1 of 12
Ravell Call, Deseret News
Jim Shadduck eats lunch at the Volunteers of America Adult Detoxification Center in Salt Lake City, Monday, July 16, 2012.
I was going down the wrong path. I knew I'd end up in jail or dead. My kids are like, 'Dad, please.' —Jason Gove

SALT LAKE CITY — It's Dusti Benavidez's fifth day at Volunteers of America, Utah's Adult Detoxification Center, and she's craving a smoke — big time.

The facility is smoke-free under the state's Recovery Plus initiative, which requires all substance abuse and mental health treatment facilities that receive public funding to be tobacco-free by March 2013.

Salt Lake County instituted the change ahead of schedule. At VOA's short-term detox center, the change has meant some clients aren't completing the program. Others are shying away completely and that's causing concern among both the clients and those who are there to help them.

"The cigarette thing almost made me walk out," Benavidez said Monday.

"I mean I've been here five days and it's all I'm thinking about. Is there any chance someone can leave a cigarette on the window sill? I'm looking at butts on the ground, even though I don't have any way to light up. I mean, what's wrong with me?"

The impact of the change is significant because the vast majority of clients in the mental health and substance abuse treatment programs are smokers. Three-fourths of those in publicly funded mental health programs smoke, while 66 percent of those in substance abuse programs are smokers, according to the Utah Division of Substance Abuse and Mental Health.

Andrew Johnston, residential service director for VOA Utah, said he's aware of a number of detox clients who have left the program prematurely, which means they do not receive the assessments they need for admission to treatment programs.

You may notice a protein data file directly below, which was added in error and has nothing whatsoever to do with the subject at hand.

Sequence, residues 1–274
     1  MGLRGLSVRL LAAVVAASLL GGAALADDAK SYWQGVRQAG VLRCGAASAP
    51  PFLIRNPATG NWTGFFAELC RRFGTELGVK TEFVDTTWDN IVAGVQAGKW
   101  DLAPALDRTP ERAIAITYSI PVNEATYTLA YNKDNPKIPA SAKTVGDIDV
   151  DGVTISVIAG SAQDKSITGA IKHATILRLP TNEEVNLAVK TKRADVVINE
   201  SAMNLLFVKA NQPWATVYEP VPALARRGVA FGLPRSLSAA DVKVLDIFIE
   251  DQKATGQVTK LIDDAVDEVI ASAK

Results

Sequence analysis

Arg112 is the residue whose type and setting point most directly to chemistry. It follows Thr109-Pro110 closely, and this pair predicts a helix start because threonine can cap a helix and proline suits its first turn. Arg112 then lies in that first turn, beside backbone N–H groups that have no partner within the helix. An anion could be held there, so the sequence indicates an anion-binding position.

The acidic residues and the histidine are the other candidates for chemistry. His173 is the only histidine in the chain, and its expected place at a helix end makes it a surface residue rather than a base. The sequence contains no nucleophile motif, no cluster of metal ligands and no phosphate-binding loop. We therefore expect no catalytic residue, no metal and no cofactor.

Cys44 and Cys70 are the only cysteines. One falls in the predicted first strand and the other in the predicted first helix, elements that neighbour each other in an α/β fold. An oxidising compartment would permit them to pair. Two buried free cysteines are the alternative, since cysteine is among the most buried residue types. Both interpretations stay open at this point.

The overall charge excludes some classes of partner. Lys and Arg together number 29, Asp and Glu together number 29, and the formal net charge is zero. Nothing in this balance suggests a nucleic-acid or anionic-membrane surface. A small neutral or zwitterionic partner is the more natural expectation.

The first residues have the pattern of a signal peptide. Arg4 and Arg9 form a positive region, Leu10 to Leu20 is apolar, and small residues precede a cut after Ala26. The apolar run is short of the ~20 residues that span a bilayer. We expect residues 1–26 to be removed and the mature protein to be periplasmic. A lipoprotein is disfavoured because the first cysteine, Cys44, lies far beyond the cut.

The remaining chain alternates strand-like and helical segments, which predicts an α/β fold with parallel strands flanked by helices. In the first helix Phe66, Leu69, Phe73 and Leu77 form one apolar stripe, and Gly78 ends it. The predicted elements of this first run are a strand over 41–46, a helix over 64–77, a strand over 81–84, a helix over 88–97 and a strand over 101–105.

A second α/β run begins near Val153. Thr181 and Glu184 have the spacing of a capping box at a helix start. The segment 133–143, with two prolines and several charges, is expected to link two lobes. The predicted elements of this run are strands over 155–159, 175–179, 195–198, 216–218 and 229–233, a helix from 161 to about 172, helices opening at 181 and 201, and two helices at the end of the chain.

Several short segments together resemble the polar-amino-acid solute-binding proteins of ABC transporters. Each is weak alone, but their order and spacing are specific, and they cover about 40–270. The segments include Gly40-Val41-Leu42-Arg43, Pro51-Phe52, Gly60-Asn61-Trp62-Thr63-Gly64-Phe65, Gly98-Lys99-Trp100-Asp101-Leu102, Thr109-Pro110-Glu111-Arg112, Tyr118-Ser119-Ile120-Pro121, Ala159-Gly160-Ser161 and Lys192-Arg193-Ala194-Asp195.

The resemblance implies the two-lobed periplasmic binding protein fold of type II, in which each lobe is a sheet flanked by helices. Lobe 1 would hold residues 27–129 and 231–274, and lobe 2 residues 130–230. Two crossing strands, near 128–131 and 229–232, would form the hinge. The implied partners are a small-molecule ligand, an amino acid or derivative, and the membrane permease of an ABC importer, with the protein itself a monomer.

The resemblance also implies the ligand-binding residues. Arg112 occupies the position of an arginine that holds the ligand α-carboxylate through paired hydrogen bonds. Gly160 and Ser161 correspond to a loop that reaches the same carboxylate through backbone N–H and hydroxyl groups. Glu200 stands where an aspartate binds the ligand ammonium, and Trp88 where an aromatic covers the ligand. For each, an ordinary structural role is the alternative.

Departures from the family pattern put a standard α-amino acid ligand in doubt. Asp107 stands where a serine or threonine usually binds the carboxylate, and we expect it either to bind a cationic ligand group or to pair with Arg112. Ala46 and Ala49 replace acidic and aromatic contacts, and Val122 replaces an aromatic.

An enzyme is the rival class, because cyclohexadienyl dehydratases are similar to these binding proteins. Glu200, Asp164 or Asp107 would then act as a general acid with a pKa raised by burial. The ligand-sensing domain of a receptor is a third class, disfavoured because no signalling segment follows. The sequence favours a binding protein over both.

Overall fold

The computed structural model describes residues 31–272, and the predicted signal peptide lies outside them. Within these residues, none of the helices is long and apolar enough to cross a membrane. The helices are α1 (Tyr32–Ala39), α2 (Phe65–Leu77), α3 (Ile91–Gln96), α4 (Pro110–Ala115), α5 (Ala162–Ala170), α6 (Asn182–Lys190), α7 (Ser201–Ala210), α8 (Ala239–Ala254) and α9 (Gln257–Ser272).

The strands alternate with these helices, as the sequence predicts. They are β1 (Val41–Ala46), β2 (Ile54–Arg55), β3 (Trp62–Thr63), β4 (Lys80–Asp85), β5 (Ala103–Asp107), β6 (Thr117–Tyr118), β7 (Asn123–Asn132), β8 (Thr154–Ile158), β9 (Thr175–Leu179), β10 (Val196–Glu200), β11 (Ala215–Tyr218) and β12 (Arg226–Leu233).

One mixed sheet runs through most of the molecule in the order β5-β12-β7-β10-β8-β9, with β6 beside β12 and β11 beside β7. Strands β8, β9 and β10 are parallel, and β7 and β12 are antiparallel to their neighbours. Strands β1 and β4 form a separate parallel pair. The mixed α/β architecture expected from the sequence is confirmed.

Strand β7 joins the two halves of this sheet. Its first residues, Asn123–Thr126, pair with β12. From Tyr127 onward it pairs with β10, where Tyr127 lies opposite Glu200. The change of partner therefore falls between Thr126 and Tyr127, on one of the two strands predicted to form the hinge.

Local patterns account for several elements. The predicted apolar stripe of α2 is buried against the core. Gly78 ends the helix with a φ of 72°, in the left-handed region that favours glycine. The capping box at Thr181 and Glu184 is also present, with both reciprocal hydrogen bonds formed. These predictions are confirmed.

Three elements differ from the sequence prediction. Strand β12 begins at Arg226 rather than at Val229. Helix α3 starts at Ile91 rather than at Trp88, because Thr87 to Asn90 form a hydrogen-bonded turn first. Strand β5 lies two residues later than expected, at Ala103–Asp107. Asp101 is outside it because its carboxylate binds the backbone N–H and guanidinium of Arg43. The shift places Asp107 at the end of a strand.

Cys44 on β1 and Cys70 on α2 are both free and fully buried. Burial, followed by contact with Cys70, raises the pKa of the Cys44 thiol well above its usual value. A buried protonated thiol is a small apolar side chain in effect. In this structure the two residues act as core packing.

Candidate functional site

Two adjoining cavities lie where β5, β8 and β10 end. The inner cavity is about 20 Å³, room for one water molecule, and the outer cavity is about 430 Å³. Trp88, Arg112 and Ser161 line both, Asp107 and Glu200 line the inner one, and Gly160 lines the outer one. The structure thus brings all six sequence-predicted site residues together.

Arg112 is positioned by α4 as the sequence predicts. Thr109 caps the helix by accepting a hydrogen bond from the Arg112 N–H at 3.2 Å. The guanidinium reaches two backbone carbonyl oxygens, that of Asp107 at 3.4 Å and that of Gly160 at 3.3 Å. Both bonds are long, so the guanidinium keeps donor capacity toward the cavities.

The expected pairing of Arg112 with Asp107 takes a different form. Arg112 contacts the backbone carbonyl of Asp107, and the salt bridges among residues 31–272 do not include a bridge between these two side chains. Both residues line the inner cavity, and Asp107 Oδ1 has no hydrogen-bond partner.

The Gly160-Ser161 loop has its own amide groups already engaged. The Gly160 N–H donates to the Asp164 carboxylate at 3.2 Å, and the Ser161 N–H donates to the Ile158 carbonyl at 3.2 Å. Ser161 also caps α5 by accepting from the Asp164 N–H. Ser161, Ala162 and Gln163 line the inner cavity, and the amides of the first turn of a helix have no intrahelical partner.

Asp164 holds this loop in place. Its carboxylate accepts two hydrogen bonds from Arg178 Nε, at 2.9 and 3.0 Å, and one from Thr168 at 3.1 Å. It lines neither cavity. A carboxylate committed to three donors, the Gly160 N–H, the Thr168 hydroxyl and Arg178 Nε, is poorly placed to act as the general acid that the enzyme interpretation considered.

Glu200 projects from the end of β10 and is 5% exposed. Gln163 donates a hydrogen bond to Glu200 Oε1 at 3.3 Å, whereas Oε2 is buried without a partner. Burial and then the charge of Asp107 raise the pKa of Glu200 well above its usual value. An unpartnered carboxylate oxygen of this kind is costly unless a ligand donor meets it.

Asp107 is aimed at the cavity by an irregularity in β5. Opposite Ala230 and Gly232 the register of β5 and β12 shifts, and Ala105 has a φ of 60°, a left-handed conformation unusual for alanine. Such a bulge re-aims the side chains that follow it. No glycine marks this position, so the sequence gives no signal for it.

"We're waiting to see if our numbers rebound to previous levels. It hasn't fully responded," he said.

Benavidez, who is in her first attempt of overcoming a longtime addiction to "booze, pills and meth," said she hopes that the additional challenge of giving up smoking does not become too onerous.

"I understand we have to climb a mountain to get clean. Can we climb one mountain at a time?" she said.

Rick Hendy, program administrator of adult mental health for the state Division of Substance Abuse and Mental Health, said research shows that people who also give up smoking during substance abuse treatment have a 25 percent greater likelihood of long-term abstinence from alcohol and other drugs. 

While Hendy, a veteran mental health administrator, acknowledges the initiative is a "culture change," he's convinced the long-term benefits are worth the initial discomfort of coping with the new practice.

The initiative has two basic principles: No one will be denied treatment because of their tobacco use. Education and nicotine replacement therapy will be provided to all clients.

The overarching goal of the initiative is to promote health and wellness among Utah clients with mental illness and/or substance abuse, whose average life spans are 29 years shorter than the general population, according to a recent study. 

"When this research came out showing so many people were dying so young, I knew that was true. I'd been to so many funerals. I've spoken at so many funerals of people with mental illness," Hendy said.